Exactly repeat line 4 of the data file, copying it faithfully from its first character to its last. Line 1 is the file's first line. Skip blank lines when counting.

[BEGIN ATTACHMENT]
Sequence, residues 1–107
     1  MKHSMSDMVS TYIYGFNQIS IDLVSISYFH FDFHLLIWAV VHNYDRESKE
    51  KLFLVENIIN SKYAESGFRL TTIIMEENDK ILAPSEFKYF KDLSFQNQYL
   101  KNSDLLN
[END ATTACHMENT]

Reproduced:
   101  KNSDLLN